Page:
For the most part, a D/s relationship is going to look like any other relationship from the outside. I'd have to say, being in a power exchange relationship for over a decade now, that we've never received weird looks when out in public and it's not obvious that he's in charge just by looking at us. But for those people in the know, it's quite clear how our relationship works. If you are new to power exchange you might not even catch these small details and that's okay because your relationship may look nothing like KnyghtMare's and mine. But, hey, if you had to pick out the little things that identify us as a power exchange relationship, what might those be?

  • There's an obvious clear distinction of who's in control.
  • KnyghtMare does not interact with service personnel at all. That's my job in service to him. It may even look like he doesn't even acknowledge them. But I will be extremely polite, courteous and kind. This includes ordering food, buying tickets or purchasing items. He expects me to take care of it all in a kind and polite manner.
  • I ask him for permission to purchase anything. This may be disguised with, "do you think I should get this?"
  • I offer to get him things so he doesn't have to even consider moving or interrupting what he's doing.
  • All he has to do is ask for something and I comply. There's no questioning it, or "hang on a minute, honey" responses.

Will your relationship look like this? Maybe. Maybe not. As I said above, we've slowly customized our relationship for over 10 years. It didn't all start out like this from the onset. But the point in our relationship is that I serve him and his needs and in return, I get love, affection, pride and a sense of accomplishment. Not to mention we are husband and wife and intense lovers.

The important thing to note about D/s relationships is that when you are both "on," meaning if this is a bedroom-only relationship it only happens there, or if this is full-time you will likely both be in your role all the time, that these roles do not shift. You are submissive, you submit. They are Dominant, they are in charge- nowhere does that fluctuate during the agreed upon timeframe. Other than this key ingredient, your D/s relationship may look similar or very different to mine. As long as you submit and your partner is in charge then a D/s exchange is happening.

What Does a D/s Relationship Need to Work?

A D/s relationship is still a relationship. I say it a lot I know, but the basic compatibility that we'd look for in a mainstream partner still apply when looking for someone a bit more Dominant or into BDSM. You have to have similar ideas of marriage, family, friendships and lifestyle, such as where you'll be living, how active you'll be and what you enjoy doing that many other people search for in a partner. It is highly unlikely that if you don't agree on your dreams of the future that you'll want to be with this person for long. Are you monogamous or poly? Well, you should probably agree to that before you get far into a relationship also. There can be some huge issues crop up later down the road if the person you are with is monogamous but you are poly and didn't share that information. But that's really not all that needs to be discussed to make a relationship that has a variety of openness available. If you are poly or your partner is, what kind of poly is it? What amount of interaction do you want with the other partners? And even if your relationship is monogamous, sometimes there can be an open element to allow for exploring kinks that one or the other doesn't share. So talk about those scenarios as well to make sure you are on the same page. Then, and this is a big one for D/s relationship compatibility, agree what kind of D/s relationship you are looking for. If you are submissive then make sure your partner is a Dominant, for starters. But then, how much submission will your relationship have? Are you looking for a bedroom only D/s relationship or a full-time submission? Something in between? What does submission mean to you? To them? How about Dominance? Make sure your definitions align or you could mean one form of submission and your potential partner means another. If BDSM play is to be a part of the exchange, you will want to make sure that there is close compatibility in what you desire there as well. And if not, then a willingness to open the relationship to allow for play outside of it. Kink isn't always connected to sex and still more of it is about exploring sensation. So feed yours and your potential partner's desire for kink as best you can. Even with all the above working perfectly, it's not a magic bullet. You have to work at your relationship to make it work. Practice your open communication and talk about issues before they blow up into serious problems. Nurture the emotions you feel for them and build the connection whenever you can. A relationship that goes stale won't last very long and a power exchange one might need a bit more effort on both parties to keep the flame going. But trust me, it's well worth it. That's it for part one of this guide to D/s relationships. In the next part, we'll talk about how to negotiate a D/s relationship as well as learning what might be expected of you, taking care of yourself in the relationship and sharing some links to further reading about D/s relationships. If you have questions, ask them in the comments or send them to me in an email and I'll try to help you find answers. Can't wait until part 2 to find out more about D/s relationships? Check out Paradigms of Power: Styles of Master/slave Relationships by Raven Kaldera, a collection of essays from many people showcasing many forms of power exchange relationships that can be an inspiration to you about how to create your own unique relationship.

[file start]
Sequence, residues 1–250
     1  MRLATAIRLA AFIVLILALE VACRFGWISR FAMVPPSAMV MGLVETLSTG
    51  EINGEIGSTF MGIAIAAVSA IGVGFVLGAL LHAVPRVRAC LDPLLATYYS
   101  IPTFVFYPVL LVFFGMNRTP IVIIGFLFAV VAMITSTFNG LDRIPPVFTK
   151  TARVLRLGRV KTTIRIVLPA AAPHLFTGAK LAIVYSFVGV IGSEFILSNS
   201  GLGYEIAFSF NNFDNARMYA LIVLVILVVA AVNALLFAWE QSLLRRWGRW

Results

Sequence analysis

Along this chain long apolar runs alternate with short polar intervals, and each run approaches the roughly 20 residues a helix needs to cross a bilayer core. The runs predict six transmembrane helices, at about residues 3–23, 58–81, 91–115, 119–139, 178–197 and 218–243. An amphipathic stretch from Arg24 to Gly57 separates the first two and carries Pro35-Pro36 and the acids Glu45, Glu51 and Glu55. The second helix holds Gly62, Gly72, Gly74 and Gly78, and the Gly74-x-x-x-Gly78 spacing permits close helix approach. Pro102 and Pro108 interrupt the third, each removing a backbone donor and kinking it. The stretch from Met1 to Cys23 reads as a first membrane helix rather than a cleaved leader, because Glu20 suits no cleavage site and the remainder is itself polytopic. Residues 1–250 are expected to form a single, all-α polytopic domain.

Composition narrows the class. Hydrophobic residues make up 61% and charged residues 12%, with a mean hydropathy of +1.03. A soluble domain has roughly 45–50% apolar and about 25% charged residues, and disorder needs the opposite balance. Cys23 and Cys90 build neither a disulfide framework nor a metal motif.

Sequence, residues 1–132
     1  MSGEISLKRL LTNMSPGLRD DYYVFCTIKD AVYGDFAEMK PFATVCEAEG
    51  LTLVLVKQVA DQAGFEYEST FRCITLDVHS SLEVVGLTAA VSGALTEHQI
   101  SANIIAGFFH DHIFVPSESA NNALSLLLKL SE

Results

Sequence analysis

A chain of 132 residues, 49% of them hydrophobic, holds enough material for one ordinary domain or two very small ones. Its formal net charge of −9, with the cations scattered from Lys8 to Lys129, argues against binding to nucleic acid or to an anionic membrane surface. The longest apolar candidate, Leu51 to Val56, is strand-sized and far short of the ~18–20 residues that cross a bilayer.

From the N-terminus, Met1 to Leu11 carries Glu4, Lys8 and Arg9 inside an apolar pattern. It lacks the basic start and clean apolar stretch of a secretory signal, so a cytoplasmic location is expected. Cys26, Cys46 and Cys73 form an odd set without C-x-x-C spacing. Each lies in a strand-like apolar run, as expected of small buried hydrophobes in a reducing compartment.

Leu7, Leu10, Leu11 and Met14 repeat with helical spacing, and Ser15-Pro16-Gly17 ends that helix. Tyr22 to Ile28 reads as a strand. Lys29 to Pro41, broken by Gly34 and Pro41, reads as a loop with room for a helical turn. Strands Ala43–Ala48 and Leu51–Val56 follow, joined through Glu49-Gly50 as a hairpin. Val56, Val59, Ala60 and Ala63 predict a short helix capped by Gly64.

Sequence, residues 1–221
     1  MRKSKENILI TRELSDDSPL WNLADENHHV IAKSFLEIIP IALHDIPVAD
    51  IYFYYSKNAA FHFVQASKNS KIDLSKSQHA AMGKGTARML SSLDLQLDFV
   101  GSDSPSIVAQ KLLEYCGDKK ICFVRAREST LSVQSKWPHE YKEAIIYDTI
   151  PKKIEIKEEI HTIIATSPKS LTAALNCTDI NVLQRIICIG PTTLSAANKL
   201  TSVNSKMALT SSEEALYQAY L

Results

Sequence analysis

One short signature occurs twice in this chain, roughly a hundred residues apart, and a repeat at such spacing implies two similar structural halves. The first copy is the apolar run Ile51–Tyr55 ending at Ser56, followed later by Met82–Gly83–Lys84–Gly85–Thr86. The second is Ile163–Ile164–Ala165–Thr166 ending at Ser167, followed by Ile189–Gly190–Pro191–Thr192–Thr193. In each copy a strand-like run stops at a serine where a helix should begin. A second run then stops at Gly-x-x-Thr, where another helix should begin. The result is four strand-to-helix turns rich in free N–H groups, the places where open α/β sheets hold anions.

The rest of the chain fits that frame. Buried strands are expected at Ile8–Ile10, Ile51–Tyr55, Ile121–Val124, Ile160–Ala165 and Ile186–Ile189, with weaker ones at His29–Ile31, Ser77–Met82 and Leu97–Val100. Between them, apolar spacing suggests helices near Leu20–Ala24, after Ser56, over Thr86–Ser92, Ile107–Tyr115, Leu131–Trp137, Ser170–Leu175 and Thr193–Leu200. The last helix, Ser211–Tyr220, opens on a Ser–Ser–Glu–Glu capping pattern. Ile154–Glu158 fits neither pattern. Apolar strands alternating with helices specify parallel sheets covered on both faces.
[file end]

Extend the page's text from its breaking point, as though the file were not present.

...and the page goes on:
Thoughts to Ponder

  1. What makes a D/s relationship so different from a mainstream relationship?
  2. What can't you apply to D/s that you've learned through your own experience or exposure?
  3. If you are or have been in a D/s relationship, how would you describe a D/s relationship to others?

Interesting Links